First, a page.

The report by the Intergovernmental Panel on Climate Change (IPCC) is considered the most comprehensive document on our understanding of the mechanics of a warming planet and the physical evidence behind it.
The following are the main findings of the report:
- Global warming is “unequivocal,” on the ground, in the air and in the oceans. And It’s “extremely likely” or 95 percent likely that human activities, led by the burning of fossil fuels, are the main cause of a rise in temperatures since the 1950s.
- Concentrations of carbon dioxide and other greenhouse gases in the atmosphere have increased to levels that are unprecedented in at least 800,000 years. The burning of fossil fuels is the main reason behind a 40 percent increase in C02 concentrations since the industrial revolution.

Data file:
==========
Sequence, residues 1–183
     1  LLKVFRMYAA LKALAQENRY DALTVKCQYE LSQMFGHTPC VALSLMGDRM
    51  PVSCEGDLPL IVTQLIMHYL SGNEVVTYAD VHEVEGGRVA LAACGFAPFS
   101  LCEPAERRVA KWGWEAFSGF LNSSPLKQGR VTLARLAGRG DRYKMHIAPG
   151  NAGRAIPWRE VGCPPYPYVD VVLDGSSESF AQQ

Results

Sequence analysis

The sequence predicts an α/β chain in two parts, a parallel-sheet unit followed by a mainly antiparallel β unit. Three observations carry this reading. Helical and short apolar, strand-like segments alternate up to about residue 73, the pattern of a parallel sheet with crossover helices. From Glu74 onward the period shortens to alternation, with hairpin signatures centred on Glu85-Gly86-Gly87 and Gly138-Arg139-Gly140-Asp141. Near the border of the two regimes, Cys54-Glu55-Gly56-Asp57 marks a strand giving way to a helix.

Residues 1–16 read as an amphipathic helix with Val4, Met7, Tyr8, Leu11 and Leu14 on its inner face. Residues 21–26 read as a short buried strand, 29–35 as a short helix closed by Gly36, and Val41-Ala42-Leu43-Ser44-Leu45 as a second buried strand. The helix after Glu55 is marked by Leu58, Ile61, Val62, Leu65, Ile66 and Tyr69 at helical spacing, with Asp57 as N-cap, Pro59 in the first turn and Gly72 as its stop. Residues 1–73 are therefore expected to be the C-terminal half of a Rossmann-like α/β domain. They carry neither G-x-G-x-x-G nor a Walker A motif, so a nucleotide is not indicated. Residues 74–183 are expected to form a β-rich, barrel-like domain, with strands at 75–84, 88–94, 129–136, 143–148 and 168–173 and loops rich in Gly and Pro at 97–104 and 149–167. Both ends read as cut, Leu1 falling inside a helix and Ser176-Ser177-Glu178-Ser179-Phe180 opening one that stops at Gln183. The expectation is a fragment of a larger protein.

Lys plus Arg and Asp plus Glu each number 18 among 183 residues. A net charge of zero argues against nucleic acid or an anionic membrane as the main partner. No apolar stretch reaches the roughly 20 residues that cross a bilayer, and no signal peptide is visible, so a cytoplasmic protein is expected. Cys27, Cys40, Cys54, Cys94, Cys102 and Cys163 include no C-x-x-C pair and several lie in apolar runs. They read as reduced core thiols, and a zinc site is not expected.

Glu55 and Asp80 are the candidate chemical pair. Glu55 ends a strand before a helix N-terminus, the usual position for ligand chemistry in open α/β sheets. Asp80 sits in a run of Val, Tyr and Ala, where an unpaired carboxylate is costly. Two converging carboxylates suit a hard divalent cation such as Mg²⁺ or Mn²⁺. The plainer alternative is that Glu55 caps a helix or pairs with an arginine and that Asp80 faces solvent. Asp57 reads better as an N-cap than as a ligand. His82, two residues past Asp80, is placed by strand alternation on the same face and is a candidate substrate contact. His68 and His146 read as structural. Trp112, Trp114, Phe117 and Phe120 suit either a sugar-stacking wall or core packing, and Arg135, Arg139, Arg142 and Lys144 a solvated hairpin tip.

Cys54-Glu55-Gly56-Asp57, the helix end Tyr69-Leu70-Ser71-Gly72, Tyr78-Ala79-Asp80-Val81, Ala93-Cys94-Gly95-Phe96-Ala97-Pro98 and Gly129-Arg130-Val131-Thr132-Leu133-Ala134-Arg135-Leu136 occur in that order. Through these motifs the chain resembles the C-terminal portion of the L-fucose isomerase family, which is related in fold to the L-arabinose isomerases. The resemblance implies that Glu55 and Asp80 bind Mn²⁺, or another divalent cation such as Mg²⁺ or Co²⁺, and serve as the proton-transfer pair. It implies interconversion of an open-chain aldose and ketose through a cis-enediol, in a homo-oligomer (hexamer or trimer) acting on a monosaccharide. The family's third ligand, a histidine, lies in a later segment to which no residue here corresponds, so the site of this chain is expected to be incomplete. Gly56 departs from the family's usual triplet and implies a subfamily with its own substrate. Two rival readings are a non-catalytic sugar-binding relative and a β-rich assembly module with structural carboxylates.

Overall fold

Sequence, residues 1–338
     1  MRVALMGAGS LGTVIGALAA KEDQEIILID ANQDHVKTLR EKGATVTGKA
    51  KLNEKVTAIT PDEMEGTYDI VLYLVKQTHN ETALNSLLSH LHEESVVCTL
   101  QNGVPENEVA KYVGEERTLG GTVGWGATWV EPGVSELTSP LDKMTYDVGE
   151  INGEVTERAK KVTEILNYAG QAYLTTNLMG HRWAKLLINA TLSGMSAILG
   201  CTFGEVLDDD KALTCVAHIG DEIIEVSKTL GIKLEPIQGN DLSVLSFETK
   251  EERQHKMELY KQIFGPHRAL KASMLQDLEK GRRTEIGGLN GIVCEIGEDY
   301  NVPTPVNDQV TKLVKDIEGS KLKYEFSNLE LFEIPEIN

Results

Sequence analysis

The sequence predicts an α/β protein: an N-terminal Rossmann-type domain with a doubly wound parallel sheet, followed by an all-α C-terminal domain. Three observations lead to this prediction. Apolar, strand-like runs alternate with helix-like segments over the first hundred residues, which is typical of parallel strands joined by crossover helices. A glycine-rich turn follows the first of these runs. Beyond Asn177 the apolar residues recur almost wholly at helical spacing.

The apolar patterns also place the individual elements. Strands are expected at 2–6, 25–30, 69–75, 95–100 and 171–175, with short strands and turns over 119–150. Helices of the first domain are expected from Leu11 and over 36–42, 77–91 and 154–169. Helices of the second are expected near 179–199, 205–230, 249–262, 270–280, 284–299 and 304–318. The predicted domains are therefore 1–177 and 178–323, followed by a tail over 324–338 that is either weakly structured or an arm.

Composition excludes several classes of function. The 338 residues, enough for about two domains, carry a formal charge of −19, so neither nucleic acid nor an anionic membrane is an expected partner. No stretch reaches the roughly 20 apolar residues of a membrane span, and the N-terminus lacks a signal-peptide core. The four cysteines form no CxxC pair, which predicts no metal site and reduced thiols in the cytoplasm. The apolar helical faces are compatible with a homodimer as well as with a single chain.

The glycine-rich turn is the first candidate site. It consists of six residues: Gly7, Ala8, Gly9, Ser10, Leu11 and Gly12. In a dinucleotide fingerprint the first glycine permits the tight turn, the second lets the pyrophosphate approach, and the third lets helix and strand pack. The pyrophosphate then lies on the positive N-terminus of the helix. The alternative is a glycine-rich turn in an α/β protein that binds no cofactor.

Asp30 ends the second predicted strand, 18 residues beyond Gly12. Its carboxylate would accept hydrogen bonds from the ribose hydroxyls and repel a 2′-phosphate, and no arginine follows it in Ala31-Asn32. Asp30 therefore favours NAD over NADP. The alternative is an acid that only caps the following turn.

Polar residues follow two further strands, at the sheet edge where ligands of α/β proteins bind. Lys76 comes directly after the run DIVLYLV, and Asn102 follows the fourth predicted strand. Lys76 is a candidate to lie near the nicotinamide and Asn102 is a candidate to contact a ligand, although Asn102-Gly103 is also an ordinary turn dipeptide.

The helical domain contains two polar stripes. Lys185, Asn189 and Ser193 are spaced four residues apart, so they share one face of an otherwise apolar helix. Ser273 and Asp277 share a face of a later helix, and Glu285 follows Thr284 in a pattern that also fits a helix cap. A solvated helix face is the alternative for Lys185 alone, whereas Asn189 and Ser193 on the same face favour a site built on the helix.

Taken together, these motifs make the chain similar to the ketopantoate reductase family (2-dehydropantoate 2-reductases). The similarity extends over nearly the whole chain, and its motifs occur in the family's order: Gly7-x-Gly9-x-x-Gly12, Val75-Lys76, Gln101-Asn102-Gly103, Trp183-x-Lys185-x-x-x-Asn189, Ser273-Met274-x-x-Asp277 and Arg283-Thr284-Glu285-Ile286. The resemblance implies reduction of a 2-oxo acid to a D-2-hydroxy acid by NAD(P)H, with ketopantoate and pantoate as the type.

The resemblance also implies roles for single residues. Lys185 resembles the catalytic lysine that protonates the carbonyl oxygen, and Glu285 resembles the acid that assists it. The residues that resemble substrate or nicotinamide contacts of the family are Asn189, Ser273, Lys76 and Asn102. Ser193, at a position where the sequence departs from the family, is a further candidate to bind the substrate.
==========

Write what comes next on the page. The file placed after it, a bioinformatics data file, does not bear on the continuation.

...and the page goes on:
- Short, individual periods, such as 1998, which was an unusually warm year, are influenced by natural variability and are not an indicator of long-term climate trends.
- Global temperatures are likely to rise by 0.3 to 4.8 degrees Celsius, or 0.5-8.6 Fahrenheit, by the end of the century depending on how much governments control carbon emissions.
- Sea levels are expected to rise a further 10-32 inches (26-82 centimeters) by the end of the century. That will pose a threat to coastal cities from Shanghai to San Francisco.
- The Greenland and Antarctic ice sheets have been shrinking over the past two decades. Glaciers have continued to melt almost all over the world. Arctic sea ice has shrunk and spring snow cover has continued to decrease, and it is “very likely” that this will continue.